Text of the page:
Blowers Racing

Spearheading Sports Quality

NASCAR Race Legends – Fireball Roberts

NASCAR Race Legends – Fireball Roberts

While he is considered one of the first superstars of NASCAR there is no doubt Fireball Roberts was its first Legend. And he remains, along with Dale Earnhardt, Sr., at the top of NASCAR’s list of legendary drivers that are no longer with us. He also has to be considered, along with Fred Lorenzen, the greatest driver never to win a NASCAR Cup title.

Roberts accumulated 32 wins, including the 1962 Daytona 500, in a career that spanned 15 seasons before his untimely death in 1964 from injuries incurred in a fiery accident. He was NASCAR’s first driver to achieve nine victories on the big racetracks. Roberts had natural physical skills, and while he was noted for his Super speedway prowess, he could drive the short tracks as well, and ran door-to-door with Richard Petty, Junior Johnson, Ned Jarrett, and Joe Weatherly.

Always ahead of his time, Roberts was not the stereotypical NASCAR driver. He was a mechanical engineering student at the University of Florida. He loved classical music and he loved to dance. He also liked to fly his Comanche airplane, dabble in the stock market and participate in Jai Alai, both as a spectator and a player.

Fireball finished second to Bill Rexford in his rookie season in what was then, the beginning of NASCAR. He split his time between the NASCAR Grand Nationals and the NASCAR Modifieds for five years before turning just to NASCAR Grand National racing. In his first year back, 1956, Roberts won five races and four pole positions to finish sixth in the point standings. He raced only 10 times in 1958 but had six wins, one second and a third, and finished 11th in the point standings despite missing almost 80% of the races.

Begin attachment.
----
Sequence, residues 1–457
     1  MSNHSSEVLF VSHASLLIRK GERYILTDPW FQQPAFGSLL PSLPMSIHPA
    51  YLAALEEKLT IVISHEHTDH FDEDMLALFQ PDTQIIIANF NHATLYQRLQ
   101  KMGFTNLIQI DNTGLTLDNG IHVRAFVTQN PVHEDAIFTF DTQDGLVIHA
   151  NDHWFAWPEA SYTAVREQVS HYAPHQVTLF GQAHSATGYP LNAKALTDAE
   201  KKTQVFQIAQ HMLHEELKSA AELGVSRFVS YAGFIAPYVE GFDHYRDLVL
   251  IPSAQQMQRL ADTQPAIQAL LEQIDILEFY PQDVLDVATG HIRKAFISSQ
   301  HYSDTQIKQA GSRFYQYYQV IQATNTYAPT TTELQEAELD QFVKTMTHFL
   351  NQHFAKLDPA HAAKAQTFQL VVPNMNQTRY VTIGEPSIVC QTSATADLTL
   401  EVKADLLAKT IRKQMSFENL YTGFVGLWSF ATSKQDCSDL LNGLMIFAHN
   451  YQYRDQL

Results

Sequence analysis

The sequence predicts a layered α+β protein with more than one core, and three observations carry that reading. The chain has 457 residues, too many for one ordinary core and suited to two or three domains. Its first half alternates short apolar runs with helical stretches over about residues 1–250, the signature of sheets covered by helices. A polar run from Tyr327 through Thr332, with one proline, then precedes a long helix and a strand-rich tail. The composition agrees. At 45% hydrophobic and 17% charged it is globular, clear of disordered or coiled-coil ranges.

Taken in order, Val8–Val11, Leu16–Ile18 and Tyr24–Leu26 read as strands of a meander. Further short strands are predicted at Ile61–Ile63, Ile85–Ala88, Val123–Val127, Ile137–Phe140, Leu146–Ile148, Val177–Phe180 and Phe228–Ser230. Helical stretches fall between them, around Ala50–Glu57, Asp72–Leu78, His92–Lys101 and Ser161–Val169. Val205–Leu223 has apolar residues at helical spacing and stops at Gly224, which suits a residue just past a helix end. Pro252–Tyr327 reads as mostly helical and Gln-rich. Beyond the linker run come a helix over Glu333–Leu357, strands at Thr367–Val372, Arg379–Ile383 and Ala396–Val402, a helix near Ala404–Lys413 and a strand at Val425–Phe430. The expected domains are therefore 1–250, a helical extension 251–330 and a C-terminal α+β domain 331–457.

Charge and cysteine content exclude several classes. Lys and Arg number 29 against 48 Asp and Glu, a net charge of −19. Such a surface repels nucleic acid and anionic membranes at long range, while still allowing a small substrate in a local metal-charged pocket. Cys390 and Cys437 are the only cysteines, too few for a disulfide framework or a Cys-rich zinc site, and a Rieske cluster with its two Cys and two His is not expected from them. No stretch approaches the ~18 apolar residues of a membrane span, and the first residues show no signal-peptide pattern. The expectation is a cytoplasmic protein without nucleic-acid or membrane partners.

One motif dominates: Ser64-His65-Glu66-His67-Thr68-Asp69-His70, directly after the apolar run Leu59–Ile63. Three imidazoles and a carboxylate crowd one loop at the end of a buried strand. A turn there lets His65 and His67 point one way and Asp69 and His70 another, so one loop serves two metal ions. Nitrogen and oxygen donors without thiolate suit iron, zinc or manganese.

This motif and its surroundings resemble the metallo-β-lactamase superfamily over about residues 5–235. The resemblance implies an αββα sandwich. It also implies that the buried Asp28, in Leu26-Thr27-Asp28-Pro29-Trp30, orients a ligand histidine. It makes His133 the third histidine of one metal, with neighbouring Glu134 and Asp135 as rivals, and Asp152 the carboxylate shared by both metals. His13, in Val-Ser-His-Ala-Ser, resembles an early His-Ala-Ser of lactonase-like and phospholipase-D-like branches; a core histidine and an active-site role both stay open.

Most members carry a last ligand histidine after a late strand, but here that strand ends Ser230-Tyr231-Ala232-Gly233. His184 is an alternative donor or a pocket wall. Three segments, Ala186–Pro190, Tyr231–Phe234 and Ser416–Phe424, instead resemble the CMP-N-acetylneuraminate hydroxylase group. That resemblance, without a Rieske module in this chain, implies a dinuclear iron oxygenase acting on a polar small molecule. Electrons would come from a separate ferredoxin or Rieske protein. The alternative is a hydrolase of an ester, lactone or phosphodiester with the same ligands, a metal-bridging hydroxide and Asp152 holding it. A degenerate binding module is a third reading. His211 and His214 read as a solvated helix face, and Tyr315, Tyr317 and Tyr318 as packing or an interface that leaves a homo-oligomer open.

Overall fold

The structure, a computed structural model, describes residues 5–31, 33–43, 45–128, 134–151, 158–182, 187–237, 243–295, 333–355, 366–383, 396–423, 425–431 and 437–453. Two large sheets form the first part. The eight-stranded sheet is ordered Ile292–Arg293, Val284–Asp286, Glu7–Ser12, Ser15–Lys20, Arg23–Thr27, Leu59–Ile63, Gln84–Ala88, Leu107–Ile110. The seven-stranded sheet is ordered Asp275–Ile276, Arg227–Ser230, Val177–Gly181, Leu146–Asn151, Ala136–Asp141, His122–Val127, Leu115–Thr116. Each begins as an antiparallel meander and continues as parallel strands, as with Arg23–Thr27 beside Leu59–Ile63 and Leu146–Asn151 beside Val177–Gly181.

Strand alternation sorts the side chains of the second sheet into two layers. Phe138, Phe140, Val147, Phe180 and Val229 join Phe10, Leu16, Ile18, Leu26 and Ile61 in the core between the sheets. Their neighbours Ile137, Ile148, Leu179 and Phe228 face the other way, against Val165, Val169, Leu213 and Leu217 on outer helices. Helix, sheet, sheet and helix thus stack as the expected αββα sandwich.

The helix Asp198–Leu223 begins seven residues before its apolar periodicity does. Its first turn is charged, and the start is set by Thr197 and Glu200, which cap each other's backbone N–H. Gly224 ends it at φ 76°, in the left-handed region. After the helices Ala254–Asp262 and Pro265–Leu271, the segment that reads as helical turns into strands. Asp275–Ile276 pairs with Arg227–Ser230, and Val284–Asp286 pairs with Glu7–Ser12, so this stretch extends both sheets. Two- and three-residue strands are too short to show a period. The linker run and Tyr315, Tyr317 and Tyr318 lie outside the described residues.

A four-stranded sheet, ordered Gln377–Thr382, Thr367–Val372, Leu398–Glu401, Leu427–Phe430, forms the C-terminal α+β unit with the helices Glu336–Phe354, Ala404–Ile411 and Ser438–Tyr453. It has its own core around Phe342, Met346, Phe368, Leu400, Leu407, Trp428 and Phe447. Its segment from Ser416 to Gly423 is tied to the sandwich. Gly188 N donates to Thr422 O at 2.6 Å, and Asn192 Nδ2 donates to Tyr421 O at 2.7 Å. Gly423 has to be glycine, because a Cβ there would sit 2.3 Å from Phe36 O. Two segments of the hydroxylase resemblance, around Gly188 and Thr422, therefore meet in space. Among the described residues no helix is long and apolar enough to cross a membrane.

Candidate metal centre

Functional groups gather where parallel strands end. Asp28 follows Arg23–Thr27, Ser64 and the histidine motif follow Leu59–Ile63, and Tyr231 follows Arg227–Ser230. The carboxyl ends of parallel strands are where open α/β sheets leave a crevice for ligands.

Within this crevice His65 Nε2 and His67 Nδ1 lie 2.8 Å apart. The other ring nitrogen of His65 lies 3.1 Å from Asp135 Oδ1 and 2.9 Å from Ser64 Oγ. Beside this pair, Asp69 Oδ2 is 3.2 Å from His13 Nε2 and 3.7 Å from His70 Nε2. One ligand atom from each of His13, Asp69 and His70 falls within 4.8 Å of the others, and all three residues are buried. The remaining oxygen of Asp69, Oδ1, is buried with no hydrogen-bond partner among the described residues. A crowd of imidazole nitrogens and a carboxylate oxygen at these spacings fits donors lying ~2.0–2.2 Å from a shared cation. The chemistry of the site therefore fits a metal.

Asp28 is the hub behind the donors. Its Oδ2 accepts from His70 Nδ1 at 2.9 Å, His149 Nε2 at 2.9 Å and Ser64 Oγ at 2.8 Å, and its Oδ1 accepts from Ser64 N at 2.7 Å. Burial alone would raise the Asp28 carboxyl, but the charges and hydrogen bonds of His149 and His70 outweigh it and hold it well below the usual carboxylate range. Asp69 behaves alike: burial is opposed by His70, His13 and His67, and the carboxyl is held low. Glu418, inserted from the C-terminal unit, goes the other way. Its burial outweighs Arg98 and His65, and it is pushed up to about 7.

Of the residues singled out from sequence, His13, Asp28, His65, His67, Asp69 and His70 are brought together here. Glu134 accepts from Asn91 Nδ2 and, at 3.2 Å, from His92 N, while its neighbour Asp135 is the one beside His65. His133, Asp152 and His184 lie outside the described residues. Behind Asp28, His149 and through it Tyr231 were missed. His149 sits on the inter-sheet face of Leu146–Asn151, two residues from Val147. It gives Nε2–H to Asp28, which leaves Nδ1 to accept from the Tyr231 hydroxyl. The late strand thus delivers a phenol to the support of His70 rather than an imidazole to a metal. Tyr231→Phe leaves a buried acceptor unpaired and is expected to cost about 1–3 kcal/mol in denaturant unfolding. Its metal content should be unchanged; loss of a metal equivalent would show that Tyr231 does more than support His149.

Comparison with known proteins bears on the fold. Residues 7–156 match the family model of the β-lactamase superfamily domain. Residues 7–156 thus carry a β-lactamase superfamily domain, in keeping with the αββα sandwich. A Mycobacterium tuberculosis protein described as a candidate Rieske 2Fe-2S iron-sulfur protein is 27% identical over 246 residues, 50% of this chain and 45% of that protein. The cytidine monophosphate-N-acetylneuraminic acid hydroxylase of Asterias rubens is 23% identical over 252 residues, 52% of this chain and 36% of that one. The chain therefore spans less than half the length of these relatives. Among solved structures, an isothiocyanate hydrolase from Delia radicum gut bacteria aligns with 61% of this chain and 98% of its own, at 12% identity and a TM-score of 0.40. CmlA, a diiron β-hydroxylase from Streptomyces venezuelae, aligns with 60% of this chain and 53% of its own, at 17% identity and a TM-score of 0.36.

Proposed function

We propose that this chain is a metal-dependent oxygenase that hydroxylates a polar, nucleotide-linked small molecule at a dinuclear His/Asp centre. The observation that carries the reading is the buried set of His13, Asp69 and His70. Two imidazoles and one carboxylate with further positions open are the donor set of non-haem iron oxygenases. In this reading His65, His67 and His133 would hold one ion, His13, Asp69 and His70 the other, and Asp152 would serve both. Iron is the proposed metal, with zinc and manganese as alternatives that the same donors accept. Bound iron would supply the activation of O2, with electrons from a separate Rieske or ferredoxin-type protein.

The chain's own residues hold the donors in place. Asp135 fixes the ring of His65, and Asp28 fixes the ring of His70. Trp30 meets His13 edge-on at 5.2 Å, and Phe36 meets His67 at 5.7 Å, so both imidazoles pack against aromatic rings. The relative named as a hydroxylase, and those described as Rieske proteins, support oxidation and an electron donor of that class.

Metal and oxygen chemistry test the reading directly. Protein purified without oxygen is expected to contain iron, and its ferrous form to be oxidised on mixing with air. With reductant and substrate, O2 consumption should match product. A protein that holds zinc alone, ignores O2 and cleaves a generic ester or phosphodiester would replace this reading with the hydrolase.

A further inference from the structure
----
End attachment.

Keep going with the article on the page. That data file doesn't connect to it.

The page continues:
He won several times over the years, but it was on the fast, exciting new super speedways that began to crop up in the late ’50s and early ’60s where he made his mark.” His favorite was Darlington and on it Roberts honed his Super speedway skills and became one of the best big track drivers of his era. He won the Rebel 300 in 1957 and 1959 and the Southern 500 in 1958 and 1963. In 1960, he won the Dixie 500 at Atlanta International Raceway. His 1962 Daytona 500 and July Firecracker 400 victories added credence to his Super speedway fame and made him the first to sweep the speedway’s two events in a single season.

He came to Charlotte in 1964 for the World 600. He started in the middle of the pack, but early in the race he crashed, trying to avoid a wreck in front of him. His famous No. 22 Holman-Moody Ford hit the retaining wall, flipped, and burst into flames. Roberts suffered burns over 80% of his body and survived only 37 days before he succumbed to pneumonia and died on July 2, 1964. Fireball’s legendary status as a racecar driver has, and will endure the test of time because he was certainly one of a kind.